A lot of this rests on the shoulders of Fassbender’s dual roles and he once again knocks it out of the park. Much as he did in Prometheus, he steals Alien Covenant without raising much of a finger.  Whenever the story dips into some familiar territory of twists and turns or the action sequences feel rather awkwardly edited together, Fassbender keeps things far more lively. His contrasting portrayals of David and Walter go far beyond different voices. The way he carries himself denotes contrasting confidence and roles for either android. Walter is much more upright and attentive, while David is far more calculated and poised. There’s a precision  to both that connects them as similar models with totally different experiences, but an even amount of quiet curiosity that binds them. Some of that curiosity spills over into a palpable tension that’s purposefully awkward and disturbing, but in a way that services the pays off the themes of  Prometheus  far better.

Yet, Alien Covenant  suffers from lingering problems of Prometheus‘ surface level approach to characters and religion, mainly with folks like  Oram. Oram’s religious inclinations  are blatantly exposited  to us. “People don’t trust me because I’m a man of faith,” Oram mentions at several points. Yet,  it never really enters into why the crew distrusts him. If anything, the crew lacks confidence in him because he… throws the crew into moronic situations without much thought! I know, how silly of them! If this was intended as some kind of satiric jab at modern perception of religious persecution, much of it ends up screaming as hollow. Oram isn’t the only one immune to stupid decision making.  Alien Covenant  features many side characters with idiotic tendencies, whether it be going onto a planet without any helmet at all and trusting some suspicious characters.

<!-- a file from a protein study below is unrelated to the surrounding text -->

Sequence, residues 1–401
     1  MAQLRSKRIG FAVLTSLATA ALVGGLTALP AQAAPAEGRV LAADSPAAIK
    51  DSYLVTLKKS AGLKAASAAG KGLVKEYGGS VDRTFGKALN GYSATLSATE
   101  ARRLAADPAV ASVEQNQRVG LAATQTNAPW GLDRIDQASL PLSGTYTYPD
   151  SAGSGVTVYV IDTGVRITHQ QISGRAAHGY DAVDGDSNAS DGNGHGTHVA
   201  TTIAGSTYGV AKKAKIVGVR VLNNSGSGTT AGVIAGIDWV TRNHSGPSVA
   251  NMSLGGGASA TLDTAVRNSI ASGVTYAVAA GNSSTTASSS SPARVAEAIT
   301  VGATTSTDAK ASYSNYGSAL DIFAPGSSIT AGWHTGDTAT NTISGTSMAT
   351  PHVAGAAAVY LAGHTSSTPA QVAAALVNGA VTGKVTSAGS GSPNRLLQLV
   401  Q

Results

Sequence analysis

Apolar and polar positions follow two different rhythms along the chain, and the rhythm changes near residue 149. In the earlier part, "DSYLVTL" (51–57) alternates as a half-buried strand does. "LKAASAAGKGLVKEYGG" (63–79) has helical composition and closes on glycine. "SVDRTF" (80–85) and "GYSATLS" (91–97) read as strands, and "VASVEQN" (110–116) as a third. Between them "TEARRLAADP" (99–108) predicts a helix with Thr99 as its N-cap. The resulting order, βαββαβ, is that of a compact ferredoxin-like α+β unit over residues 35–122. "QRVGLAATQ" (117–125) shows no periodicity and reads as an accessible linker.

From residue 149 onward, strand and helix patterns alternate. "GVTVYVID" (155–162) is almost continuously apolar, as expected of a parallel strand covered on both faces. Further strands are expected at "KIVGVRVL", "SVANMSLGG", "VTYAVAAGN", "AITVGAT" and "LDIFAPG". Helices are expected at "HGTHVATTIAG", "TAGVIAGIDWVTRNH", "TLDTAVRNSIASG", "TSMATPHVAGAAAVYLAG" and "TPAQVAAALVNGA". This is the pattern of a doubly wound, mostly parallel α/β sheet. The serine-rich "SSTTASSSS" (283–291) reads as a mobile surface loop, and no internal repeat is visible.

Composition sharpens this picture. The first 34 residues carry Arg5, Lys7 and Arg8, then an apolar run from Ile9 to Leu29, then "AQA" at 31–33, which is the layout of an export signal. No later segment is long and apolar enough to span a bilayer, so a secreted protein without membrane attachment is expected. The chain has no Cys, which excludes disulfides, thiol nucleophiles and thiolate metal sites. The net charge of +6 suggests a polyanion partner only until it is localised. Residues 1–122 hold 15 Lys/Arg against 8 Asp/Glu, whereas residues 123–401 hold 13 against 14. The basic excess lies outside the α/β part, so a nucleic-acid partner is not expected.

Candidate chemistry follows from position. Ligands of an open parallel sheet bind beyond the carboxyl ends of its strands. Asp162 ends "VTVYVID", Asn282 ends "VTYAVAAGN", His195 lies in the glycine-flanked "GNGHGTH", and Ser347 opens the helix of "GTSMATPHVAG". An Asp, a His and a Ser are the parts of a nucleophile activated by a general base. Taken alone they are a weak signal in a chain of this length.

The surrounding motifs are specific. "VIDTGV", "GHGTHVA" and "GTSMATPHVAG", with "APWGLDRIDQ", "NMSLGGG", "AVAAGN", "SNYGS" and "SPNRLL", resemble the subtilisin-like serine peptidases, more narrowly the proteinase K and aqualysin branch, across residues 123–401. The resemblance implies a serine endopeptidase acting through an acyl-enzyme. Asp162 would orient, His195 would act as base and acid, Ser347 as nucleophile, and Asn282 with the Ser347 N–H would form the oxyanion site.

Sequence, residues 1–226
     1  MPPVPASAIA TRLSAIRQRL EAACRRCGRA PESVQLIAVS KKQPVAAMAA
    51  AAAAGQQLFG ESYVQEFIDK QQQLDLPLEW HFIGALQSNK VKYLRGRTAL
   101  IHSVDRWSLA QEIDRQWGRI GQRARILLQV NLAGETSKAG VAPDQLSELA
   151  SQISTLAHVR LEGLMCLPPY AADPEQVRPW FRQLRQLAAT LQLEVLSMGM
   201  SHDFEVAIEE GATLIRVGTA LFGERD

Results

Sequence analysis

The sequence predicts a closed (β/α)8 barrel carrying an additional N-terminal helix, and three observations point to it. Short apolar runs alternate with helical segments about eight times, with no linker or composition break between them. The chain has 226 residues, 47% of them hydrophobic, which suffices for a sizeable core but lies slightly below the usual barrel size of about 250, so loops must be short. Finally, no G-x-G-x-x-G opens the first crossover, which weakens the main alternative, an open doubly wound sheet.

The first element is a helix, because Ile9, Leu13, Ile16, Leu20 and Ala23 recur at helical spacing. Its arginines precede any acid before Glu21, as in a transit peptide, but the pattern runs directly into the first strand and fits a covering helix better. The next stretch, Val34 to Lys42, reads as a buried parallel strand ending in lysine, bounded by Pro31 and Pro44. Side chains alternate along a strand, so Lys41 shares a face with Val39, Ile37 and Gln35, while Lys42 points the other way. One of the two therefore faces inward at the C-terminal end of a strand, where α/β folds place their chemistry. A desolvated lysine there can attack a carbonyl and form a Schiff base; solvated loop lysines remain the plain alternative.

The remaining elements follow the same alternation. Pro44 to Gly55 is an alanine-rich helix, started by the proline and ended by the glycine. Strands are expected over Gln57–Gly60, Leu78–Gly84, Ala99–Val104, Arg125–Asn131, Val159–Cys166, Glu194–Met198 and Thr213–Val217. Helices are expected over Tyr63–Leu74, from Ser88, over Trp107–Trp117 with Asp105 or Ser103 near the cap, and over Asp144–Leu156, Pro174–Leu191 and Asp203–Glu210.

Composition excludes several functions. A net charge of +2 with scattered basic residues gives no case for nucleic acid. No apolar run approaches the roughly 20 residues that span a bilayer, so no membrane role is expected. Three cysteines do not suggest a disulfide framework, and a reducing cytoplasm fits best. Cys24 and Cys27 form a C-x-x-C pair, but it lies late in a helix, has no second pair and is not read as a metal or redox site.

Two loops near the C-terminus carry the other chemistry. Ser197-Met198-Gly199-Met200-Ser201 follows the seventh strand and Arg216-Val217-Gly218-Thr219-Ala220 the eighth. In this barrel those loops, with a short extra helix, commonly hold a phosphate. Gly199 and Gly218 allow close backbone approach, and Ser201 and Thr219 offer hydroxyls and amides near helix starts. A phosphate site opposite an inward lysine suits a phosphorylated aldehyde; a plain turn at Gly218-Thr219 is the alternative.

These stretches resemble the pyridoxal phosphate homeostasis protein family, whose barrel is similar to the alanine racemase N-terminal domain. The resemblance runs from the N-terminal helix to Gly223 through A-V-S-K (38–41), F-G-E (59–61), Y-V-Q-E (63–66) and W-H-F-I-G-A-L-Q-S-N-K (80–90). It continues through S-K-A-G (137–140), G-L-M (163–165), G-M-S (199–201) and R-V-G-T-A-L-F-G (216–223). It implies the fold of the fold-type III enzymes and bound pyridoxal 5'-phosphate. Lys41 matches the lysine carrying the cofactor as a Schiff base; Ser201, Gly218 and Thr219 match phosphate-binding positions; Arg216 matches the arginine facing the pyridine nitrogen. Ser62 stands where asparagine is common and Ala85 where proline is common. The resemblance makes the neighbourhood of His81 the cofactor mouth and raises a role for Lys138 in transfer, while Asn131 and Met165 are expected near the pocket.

Tennessee risks the lives of thousands of colonists by floating the ship a mere 80 km over a stormy atmosphere. Karine Oram (Carmen Ejogo) hugs a person who’s clearly suffering from nightmarish body horror. Multiple people willingly breathe in spores released from weird plants on the ground. All of these human characters are either idiots or underwhelming vessels for alien carnage. Their lack of definition or memorability is the biggest failure of  Alien Covenant, despite the best efforts of some of the actors involved. In between all of the horror of all the Xenomorphs,  Alien,  Aliens  and even  Alien 3  had memorable engaging characters one could get behind.  Alien Covenant  attempts to have occasional character moments,  but they’re fleeting in favor of the gore and horror that befalls them. Ridley Scott is far more interested in the way everything looks. His methodic direction and  Dariusz Wolski  gorgeous yet  closer to the lived-in feel of the original film Scott directed than  Prometheus. Including the crimson gore.